By Evelyn Alemanni
Convenience, beauty and interest are just some of the characteristics of groceries grown in containers. The cultivation of groceries in containers is an ideal solution for small spaces and to keep foodstuffs frequently used nearby. It is the perfect example of the concept of fast food.
You can use containers to grow groceries that range from herbs to vegetables and even fruit trees. Just do not expect to plant one day and reap the next, unless you’ve bought a mature, mature plant from Lowe’s garden center. S. Like all groceries we grow, whether from seed or starter plants, it may take weeks or months for them to reach maturity and be ready for harvest. Patience is a virtue, and it rewards you well with the knowledge that you have grown your food yourself.
Where can you grow groceries in containers? Consider the plants & rsquo; Lighting needs. Most groceries need at least six hours of sunshine each day, so place your containers where the sun shines. As the angle of the sun changes throughout the year, you can even move containers from one place to another.
Remember, too, to choose the right plants for the time of year. For example, cold-season vegetables, such as lettuce, cabbage, and broccoli, are suitable for winter and early spring. Tomatoes, cucumbers and strawberries have better results in summer.
Good to Know : Unless you want to install a drip system on a timer, you probably have to water the containers by hand every day, so place them within reach of a hose.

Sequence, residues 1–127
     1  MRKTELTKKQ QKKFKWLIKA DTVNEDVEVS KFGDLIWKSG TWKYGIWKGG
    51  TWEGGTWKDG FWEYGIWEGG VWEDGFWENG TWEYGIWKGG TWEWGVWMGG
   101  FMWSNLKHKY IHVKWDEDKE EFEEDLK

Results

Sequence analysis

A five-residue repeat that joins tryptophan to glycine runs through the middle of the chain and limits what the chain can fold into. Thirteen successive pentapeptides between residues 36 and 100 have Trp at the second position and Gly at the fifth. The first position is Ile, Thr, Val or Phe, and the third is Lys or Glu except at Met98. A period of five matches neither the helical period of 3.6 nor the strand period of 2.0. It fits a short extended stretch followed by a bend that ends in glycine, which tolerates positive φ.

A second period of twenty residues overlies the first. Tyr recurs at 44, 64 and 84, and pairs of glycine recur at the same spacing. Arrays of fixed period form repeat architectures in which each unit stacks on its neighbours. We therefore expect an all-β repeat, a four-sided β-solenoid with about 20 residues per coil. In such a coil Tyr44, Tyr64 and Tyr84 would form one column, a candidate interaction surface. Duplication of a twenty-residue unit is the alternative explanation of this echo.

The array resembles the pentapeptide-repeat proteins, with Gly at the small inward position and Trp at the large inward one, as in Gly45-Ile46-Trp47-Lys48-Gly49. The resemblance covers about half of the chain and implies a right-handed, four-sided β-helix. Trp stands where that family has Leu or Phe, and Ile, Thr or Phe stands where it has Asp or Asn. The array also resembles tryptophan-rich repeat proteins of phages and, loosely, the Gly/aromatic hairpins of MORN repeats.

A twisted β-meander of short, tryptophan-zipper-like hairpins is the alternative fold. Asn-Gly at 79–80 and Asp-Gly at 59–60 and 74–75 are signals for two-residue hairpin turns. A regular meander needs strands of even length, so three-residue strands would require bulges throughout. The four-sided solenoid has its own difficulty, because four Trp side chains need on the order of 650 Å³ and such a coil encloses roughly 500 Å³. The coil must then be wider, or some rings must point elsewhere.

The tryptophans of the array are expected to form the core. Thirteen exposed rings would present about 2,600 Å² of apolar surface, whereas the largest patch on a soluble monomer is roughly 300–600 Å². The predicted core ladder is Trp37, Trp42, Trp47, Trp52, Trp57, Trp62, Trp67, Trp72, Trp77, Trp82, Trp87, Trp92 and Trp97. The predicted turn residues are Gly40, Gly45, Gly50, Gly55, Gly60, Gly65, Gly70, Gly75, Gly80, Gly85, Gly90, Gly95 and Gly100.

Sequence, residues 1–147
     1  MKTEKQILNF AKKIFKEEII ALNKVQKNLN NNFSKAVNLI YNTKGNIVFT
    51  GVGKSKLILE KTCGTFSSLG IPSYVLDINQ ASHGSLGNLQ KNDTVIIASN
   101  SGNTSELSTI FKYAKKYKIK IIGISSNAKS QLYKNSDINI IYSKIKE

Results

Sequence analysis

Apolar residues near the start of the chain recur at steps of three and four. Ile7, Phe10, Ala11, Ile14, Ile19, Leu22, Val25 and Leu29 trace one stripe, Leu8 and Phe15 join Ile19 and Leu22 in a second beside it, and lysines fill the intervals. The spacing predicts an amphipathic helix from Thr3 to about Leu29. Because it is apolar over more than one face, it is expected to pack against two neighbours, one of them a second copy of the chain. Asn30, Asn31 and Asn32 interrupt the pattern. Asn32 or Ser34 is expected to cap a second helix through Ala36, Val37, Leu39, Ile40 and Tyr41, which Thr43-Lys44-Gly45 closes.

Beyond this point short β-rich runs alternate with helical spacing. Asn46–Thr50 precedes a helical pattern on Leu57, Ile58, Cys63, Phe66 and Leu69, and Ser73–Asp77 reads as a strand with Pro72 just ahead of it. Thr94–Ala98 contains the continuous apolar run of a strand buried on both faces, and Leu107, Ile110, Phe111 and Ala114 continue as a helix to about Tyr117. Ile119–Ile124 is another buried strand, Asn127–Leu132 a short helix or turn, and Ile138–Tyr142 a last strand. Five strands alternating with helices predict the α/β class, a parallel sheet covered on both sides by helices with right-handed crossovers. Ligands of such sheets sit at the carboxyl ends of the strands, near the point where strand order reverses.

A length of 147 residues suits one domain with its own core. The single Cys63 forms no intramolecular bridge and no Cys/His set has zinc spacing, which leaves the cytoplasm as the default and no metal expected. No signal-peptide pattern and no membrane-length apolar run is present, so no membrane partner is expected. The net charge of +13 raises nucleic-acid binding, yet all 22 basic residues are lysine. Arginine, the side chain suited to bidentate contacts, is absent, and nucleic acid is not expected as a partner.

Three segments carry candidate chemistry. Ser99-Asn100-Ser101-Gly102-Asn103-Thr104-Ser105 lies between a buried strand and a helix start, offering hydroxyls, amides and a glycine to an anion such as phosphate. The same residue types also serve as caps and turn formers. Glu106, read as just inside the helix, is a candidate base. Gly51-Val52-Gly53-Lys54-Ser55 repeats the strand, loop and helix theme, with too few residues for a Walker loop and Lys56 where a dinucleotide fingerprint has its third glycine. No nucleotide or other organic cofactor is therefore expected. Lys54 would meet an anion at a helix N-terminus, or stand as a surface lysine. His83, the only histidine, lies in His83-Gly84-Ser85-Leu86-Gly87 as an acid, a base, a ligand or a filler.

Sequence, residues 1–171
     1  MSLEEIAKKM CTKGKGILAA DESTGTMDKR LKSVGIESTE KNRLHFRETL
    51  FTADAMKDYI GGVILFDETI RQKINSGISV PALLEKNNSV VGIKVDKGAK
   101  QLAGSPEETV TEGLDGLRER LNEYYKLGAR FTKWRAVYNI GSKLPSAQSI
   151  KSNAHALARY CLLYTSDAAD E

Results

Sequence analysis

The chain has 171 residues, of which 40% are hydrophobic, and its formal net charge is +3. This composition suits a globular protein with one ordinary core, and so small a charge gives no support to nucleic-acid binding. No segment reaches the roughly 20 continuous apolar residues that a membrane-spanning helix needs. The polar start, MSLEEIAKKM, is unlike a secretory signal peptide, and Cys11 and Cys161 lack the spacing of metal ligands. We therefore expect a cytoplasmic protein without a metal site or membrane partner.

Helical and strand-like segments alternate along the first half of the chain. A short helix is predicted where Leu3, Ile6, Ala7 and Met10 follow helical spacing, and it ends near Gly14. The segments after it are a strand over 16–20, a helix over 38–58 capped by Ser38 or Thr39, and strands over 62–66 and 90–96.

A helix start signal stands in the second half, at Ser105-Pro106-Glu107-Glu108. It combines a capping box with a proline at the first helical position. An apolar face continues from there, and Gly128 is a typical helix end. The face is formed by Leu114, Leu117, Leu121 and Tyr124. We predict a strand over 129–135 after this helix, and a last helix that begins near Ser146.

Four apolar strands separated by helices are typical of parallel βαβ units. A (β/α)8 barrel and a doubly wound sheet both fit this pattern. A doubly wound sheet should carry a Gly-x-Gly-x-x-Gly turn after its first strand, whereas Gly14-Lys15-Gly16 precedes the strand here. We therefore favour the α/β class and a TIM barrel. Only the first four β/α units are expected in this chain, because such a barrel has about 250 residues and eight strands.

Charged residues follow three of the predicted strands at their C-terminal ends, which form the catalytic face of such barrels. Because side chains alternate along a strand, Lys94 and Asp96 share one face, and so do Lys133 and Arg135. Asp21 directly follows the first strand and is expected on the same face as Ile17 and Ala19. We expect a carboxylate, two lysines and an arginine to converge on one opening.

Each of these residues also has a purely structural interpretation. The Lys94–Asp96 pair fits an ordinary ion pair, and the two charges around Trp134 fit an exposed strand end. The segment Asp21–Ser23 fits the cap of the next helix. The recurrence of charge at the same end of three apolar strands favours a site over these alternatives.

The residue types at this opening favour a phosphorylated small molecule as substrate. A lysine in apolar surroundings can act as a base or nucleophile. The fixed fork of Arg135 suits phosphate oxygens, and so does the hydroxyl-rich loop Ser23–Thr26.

What types of containers can you use? First, think about the final size of the plant, and choose your container accordingly, allowing plenty of room for the plant to achieve its final growth. Consider the materials of the container: If you use terracotta, be sure to seal the container to avoid excess evaporation. In my opinion, groceries grown in containers use less water than those grown in the soil because the pots retain moisture better and do not dissipate in the surrounding soil.
Good to know: If you go to the container route, remember that bigger is better. Make sure your containers have drainage holes and are deep enough to accommodate the roots of your plants. & Nbsp;
Use good quality potting mix instead of soil unearthed from your patio. Also, for convenience add some extended release fertilizer formulated for fruits and vegetables.
A collection of herbs with basil, mint, thyme, rosemary, oregano and chives (together or in separate containers) gives you many leaves to trim, while preparing a tasty meal.
It’s good to know: You do not have to harvest one whole plant at a time; Just cut out what you need for each meal to get the freshest taste.
There are so many varieties and herbal flavors that are fun to experiment with.
It is good to know: It is a real benefit to growing mint plants in pots, because when plants in the ground, they can become invasive and require a lot of effort to eliminate them.
Floral groceries are great fun. To add lovely color and rough flavor to your meals, consider nasturtiums and violas. (He even chooses nasturtium and substitutes for capers). Even if you do not eat them, remember that we consume visually first, so the flowers that adorn our food excite our taste buds in advance for what will come.
When you are ready to use the groceries of the container in a meal, it is always important to carefully clarify what you choose to avoid surprises.
Large containers can grow tomatoes and even fruit trees. When buying trees to grow in containers, be sure to look for dwarf varieties.
If you have a large garden or just a few square feet on a balcony or patio, there & rsquo; S always room for some container groceries.